WIP is short for “work in progress,” and is, surprise to me, a supply chain and accounting term. I encounter it in my crochet threads, and today someone referenced #wipwednesday on Instagram. The hashtag takes you to a lovely page of all sorts of WIP from crocheted blankets to hand painted miniatures. There are Lego structures and lots of visual art, all partially completed. Some people post videos as they work, describing the process and offering tips. While it is always fun to see final products, watching the process unfold is far more interesting to me as it is often hidden from view, as though seeing something being created takes away some of the magic. This hashtags celebrates creating, encouraging others to join in and experience the joy of making.

#WIPWednesday is also reassuring for crafters like me. While I tend to read one book at a time, I usually have at least three crochet projects in various stages. Right now, I am trying to finish up the second snow person in a pair before winter ends. There is also a green wool cardigan and a soft purple coverlet waiting their turns.

The snow people came in a kit that sat for a year before coming to the top of the pile. There are more kits in the closet plus more coming as I am part of a monthly crochet club. Kits, of course, do not count as WIP because they have not been started. I can always, as I did this year, gift them to someone who is not yet hooked on crocheting. (See what I did there?) And, kits are a hedge against the future when, presumably, I will finish all my WIP and existing kits and need something new to work on and no longer have access to the outside world. (Zombie apocalypse perhaps?)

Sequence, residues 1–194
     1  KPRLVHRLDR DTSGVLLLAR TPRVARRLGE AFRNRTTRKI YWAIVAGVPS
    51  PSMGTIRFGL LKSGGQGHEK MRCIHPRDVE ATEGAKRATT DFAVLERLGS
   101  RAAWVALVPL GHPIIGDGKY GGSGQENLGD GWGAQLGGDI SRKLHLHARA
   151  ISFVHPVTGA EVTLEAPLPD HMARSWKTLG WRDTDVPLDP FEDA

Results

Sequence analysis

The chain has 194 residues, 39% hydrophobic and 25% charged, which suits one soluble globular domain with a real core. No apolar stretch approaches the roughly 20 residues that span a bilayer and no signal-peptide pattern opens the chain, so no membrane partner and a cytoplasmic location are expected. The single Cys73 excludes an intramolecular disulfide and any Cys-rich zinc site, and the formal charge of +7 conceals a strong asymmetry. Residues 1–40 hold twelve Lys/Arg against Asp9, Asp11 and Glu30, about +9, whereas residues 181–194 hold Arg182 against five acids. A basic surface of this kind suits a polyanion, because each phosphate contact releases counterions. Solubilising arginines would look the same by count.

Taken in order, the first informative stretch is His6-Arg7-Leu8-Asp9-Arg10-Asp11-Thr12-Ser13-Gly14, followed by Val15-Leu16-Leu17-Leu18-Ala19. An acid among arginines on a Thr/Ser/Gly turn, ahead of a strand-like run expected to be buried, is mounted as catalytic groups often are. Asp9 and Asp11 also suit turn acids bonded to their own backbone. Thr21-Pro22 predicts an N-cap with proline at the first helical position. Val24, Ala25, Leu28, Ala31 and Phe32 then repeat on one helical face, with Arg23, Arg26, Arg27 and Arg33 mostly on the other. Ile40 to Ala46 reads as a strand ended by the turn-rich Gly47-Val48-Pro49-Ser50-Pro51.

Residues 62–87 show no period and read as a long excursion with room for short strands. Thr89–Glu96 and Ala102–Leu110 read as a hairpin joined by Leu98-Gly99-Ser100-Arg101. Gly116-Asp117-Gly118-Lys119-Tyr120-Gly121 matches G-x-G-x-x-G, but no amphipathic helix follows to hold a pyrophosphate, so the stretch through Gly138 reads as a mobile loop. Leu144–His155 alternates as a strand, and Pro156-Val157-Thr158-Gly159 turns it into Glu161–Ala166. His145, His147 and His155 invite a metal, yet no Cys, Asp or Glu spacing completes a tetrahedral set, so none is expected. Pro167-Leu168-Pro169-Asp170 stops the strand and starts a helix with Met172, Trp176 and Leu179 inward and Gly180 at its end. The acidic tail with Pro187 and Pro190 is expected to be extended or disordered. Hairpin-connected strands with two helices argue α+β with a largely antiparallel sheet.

I wish for you a WIP in 2024. Give yourself permission to just work on something without worrying too much about the final product. Take your time, sink into the creating, make it a a meditative act, connect with a still place beyond the frenzy of the world. And, yes, I might be talking about crocheting a dishcloth.

Happy #WIPWednesday!

An Apology to Mr. Teale

As I mentioned, I am reading naturalist Edwin Way Teale‘s Circle of the Seasons: The Journal of a Naturalist’s Year. I took him to task just a bit for suggesting that winter is a pause in the turning of the wheel, arguing that the life of a gardener and her garden doesn’t stop, neither for that matter does the wheel of life. This time of year, especially, we are treated to birds taking advantage of our feeders and shrubbery. The cardinals are a favorite.